It has been a busy summer. In addition to all our wonderful travels, I have realized a life-long dream: owning my own horse, and very reluctantly caved in to the (almost life-long) wishes of my dentist and having braces fitted. I’ve been jokingly telling friends this is a woman’s version of a mid-life crisis. But then I thought about it some more and realized that, in fact, it is more of a celebration of having reached middle age, and planning for what’s still ahead.
As the parent of a soon-to-be 9th grader, who has his own very busy social and study schedule, it started to dawn on me that for the first time in about 15 years I had some free time on my hands. And it was only going to increase. (Sidenote: I find it unfathomable that my blonde little toddler will be striking out on his own in just a few years.)
Monkey and I have been riding horses together for the past couple of years and recently, I started to wonder what it would be like to have access to a horse on a regular basis. Since I was four years old, I’ve yearned for my own horse. I started out by sponsoring someone else’s mount in May, and quickly realized that it was a poor substitution to having my own.
So after many nights of searching for “Morgan horses for sale” on the interwebs, I found a just-broke, but beautifully raised, gorgeous young filly, aged 3, named Quintessa. Yes, that’s right. Rather than buy a well-trained, level-headed school horse, I opted for one that will need training from the get-go, has only been ridden a handful of times and today spooked when a duck took off from the pond. It appears I always like to take the road less-traveled.
My reasoning for this seemingly irrational decision?
- I want to challenge my brain, and learning how to do something complicated and completely unfamiliar—like training a young horse—fits the bill. (It’s a flawed argument, I know. Yes, there are many easier and cheaper ways to keep one’s brain ticking over. Sudoku anyone?)
- I figured that I would get to spend longer with my “forever horse” if she/he was younger when we started our partnership. I fully intend to be riding into my 70s.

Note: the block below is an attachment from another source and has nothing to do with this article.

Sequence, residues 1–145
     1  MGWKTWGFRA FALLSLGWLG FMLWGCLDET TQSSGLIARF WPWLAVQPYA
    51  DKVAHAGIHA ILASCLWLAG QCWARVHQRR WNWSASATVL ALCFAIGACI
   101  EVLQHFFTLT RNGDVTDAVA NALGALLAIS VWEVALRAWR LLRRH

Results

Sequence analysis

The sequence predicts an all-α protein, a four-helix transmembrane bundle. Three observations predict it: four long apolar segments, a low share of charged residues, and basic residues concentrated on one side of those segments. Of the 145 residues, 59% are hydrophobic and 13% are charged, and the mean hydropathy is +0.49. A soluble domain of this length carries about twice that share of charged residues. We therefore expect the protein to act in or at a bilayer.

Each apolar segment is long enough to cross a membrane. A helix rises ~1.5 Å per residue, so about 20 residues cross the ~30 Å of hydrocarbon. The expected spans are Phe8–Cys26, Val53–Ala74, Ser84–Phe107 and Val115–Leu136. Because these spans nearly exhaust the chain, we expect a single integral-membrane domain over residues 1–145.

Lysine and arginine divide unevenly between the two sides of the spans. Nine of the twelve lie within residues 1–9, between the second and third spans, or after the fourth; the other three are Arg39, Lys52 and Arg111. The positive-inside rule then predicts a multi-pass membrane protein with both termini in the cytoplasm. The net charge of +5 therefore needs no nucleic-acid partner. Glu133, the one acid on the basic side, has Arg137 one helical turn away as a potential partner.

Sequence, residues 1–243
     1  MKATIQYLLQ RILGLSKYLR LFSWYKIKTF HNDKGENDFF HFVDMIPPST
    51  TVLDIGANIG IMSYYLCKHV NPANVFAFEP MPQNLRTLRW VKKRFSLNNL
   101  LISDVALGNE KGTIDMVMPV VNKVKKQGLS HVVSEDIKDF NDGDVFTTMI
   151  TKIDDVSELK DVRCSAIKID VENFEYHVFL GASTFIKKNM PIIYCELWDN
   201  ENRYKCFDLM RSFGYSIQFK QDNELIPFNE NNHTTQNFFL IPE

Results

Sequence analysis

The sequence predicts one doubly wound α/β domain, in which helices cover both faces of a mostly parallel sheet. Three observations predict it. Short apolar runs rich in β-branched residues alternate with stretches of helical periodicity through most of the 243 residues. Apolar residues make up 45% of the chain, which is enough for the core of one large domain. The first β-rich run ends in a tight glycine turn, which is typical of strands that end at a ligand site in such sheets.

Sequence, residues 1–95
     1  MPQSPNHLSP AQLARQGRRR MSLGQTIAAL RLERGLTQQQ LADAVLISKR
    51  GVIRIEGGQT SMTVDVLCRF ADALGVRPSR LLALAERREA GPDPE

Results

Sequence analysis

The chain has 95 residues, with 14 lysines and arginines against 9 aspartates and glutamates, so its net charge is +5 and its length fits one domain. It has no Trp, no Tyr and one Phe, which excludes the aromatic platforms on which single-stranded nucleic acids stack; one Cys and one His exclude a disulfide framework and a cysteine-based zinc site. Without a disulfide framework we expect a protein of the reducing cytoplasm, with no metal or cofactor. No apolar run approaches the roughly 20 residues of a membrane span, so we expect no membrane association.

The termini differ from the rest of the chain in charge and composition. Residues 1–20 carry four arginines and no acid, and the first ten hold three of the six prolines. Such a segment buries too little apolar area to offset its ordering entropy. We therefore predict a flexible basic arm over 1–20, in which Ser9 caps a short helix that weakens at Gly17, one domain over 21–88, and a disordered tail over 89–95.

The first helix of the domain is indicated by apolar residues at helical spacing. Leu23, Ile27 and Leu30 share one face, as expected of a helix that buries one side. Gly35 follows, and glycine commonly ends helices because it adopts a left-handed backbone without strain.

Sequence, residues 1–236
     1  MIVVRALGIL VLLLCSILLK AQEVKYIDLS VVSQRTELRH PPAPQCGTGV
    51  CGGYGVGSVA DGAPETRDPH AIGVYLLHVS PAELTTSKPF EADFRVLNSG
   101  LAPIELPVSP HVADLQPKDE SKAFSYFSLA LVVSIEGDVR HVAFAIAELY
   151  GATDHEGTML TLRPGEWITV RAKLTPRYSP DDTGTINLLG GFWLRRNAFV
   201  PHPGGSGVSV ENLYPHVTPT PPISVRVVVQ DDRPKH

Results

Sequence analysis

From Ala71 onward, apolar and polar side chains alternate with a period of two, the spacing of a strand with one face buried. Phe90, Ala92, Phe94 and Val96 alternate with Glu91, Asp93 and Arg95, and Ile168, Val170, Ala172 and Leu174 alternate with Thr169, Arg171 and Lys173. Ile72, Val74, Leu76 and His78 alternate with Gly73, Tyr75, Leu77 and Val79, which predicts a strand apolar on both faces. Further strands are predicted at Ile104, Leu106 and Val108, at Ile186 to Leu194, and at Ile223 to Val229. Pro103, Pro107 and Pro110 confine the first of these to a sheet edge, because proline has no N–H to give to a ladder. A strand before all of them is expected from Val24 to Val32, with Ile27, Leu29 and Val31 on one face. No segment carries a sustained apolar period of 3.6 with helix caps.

- Having gone to meet Quintessa in Southern California I just got the feeling that she was the one. She is a total sweetheart with a desire to be literally in your pocket. Problem is that my pockets aren’t big enough for a 1,000lb horse, so we are working on that. (Meaning quelling her desire to get in my pockets vs. me getting bigger jeans.)
Anyway, here we are, two weeks in. I spent the first ten days pinching myself and unable to believe that she was truly mine. It’s a funny feeling to realize a lifelong dream. What’s more my wonderful trainer loves her and said I must have an angel looking over me because Quintessa is so quick to learn, moves well and has a wonderful soul. Oh, and she was the one who noticed that Quintessa has a heart on her forehead. And it’s true, she does.
And of course, I am so happy to see her and Monkey together. She makes him smile and is very sweet and gentle with him. And he in turn, loves her, as you can tell from this shot.
And as for the braces? Well there’s not much to say, except they hurt, are a horrible inconvenience and are surely going to impact my ability to review restaurants and try new foods. But anyway. The goal is not so much straight teeth, but being able to keep my own teeth for the next half of my life. No pain, no gain. Right?
Anyway, if you spot my new “resting sad face”—apparently braces drag down the corners of your mouth—and wonder why I have a twisted grimace in photos for the next 16 months, now you know.
The moral of this tail? Being half-way through your life isn’t so bad. In fact, it’s really good. You get to take the next few decades to realize your long-held dreams and if you’re lucky (or willing to put up with a bit of pain first) you’ll even get to keep your own teeth. Enjoy every minute.